The crackdown threatens to squander a historic political advantage in 2016. It could even disrupt a generational political realignment between Democrats and Hispanics. But putting politics aside (for a moment), the White House’s position is wholly indefensible. The political danger is real — but it’s ultimately a sidelight to a senseless human tragedy. [my emphasis]
Also, after his experiences of the last 7 1/2 years, our Democratic President gives us his reflections on the Republican Party (David M Jackson, Obama tells Jimmy Fallon he's 'worried' about the Republican Party USA Today 06/09/2016):

President Obama says Democrats are only too happy to run against Donald Trump, but he is personally "worried" about the fate of the Republican Party.

"This country works when you have two parties that are serious and trying to solve problems," Obama told Tonight Show host Jimmy Fallon. "And they've got philosophical differences and they have fierce debates and they argue and they contest elections."

Indicating that Trump is not a serious candidate, Obama said that what has happened in the Republican Party "is not actually good for the country as a whole. It's not something Democrats should wish for."

Saying the nation needs a "healthy two-party system," Obama said that he hopes that "there's some corrective action" after this year's election.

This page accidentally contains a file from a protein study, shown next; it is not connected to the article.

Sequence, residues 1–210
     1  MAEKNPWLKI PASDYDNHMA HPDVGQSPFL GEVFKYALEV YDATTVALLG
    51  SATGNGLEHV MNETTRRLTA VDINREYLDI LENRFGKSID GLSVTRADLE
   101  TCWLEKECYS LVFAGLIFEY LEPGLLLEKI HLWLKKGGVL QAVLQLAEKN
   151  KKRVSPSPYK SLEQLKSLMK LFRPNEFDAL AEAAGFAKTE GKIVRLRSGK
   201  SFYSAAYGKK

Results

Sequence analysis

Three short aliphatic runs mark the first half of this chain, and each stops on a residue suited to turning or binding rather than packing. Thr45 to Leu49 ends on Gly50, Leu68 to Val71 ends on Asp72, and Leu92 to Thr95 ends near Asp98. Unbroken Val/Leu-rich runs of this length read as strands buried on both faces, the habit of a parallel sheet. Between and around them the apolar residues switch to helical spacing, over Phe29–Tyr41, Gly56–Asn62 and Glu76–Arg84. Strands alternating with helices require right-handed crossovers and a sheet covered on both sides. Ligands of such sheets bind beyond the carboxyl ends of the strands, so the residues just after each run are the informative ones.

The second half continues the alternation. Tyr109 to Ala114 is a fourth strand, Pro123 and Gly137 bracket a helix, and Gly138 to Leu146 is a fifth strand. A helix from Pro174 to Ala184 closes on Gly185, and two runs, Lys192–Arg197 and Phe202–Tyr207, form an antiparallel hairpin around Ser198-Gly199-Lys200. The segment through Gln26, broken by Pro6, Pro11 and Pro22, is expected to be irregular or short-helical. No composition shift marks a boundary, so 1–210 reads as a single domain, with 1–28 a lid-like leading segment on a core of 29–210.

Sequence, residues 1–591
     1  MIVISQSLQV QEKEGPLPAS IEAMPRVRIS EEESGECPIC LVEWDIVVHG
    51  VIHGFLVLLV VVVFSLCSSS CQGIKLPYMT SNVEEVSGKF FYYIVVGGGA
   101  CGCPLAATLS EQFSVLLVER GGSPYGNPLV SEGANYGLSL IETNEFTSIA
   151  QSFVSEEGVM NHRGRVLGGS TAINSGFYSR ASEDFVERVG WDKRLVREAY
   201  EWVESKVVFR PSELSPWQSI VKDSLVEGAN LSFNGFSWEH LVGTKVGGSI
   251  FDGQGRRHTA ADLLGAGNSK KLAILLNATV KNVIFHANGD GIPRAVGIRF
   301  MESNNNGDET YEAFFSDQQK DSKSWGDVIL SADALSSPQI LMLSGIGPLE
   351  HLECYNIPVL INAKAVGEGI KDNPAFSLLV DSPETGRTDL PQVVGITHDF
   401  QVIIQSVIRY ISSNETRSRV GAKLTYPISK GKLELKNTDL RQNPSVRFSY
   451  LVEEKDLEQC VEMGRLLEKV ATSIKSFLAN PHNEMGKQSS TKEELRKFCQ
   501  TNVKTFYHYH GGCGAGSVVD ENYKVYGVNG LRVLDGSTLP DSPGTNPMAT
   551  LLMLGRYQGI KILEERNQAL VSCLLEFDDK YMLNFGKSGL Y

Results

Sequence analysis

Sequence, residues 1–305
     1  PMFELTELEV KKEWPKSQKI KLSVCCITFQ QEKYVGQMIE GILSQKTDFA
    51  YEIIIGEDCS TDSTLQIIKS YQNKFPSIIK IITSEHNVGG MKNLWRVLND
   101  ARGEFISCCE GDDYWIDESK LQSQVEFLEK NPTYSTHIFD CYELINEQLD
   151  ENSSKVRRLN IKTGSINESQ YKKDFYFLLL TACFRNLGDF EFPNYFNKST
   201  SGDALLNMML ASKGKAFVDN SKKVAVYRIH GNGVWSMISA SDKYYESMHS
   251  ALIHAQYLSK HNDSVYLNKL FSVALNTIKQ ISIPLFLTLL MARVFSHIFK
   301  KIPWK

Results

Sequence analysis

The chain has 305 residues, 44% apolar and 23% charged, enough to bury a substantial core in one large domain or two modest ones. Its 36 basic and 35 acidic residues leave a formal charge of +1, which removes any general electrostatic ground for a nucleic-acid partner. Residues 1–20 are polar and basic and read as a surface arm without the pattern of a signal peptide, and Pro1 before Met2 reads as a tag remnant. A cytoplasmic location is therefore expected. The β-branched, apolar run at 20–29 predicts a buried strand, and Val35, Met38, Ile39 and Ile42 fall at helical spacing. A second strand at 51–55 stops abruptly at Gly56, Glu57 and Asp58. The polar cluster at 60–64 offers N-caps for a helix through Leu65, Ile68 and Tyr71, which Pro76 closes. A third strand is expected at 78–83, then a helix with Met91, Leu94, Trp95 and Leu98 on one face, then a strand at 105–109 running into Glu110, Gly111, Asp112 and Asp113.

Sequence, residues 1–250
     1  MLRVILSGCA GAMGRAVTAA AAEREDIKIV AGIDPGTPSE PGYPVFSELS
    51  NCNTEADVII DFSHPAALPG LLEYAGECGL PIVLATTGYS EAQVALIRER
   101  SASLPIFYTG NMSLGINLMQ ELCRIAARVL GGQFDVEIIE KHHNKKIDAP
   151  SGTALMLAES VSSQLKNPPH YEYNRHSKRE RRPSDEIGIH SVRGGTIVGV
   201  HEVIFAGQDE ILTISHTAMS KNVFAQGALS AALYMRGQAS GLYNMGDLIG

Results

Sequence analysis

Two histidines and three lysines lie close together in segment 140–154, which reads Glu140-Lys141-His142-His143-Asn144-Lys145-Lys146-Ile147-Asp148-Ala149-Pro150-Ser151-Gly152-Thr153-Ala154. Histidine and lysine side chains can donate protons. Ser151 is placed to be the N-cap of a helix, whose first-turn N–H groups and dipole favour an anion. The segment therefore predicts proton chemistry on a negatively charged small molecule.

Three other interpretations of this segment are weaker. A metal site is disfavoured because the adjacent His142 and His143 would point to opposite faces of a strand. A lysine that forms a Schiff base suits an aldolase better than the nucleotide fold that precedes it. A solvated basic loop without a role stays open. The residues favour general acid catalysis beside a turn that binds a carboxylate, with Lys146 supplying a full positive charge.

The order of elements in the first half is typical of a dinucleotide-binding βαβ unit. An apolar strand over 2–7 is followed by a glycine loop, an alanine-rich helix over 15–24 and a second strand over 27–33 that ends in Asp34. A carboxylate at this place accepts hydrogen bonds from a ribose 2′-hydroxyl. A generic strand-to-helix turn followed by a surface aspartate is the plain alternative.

Yes, after all these decades of the Republican Party having high-minded philosophical debates, this rude Donald Trump comes along and threatens to change the constructive approach the Republican Party has been taking for so long.

The reality is that Hillary Clinton and her campaign will have to win enough votes to be elected President. If she wants active support from Sanders and wants his voters to turn out in large numbers in November, she's going to have to make that appeal. I'm seriously unsure whether the Clinton campaign will even care about turning those voters out. Her campaign seem to have a remarkable complacency about those voters having no place else to go. And so far, including in her refreshingly aggressive foreign policy speech against Trump recently, she's emphasizing more the theme At Least She's Not Donald Trump than trying to build a Democratic mandate.

And for that kind of campaign, making particular appeals to Sanders voters would step on the Pangloss message that the Obama Administration is the best of all possible worlds and Hillary will preserve that ideal world against Trump the Barbarian. I had thought until May 17 that it would be fairly easy for a Clinton campaign to strongly appeal to Sanders voters in the general election. But that was the day DNC Chair, Hillary supporter and BFF of the payday lending industry Debbie Wasserman Shultz issued her anathema against Sanders and his supporters based on the Clinton campaign's phony charges about Sanders supporters throwing chairs and punching Clinton supporters at the Nevada state convention, which I discuss in the immediately preceding post. I really don't know if the Clinton campaign cares if the Sanders voters back her or not. Especially since she's emphasizing the vote-against-Trump approach.

The Clinton campaign's response to things like this is now pretty standard: Trump scary, Bernie evil, Hillary wonderful. And this is the face that Hillary's campaign has so often shown to the Sanders voters, Clinton lashes out: ‘I am so sick of the Sanders campaign lying’ tin hay 03/31/2016:

And maybe At Least She's Not Donald Trump will be good enough for the fall campaign. Supporters of democracy certainly have to hope so.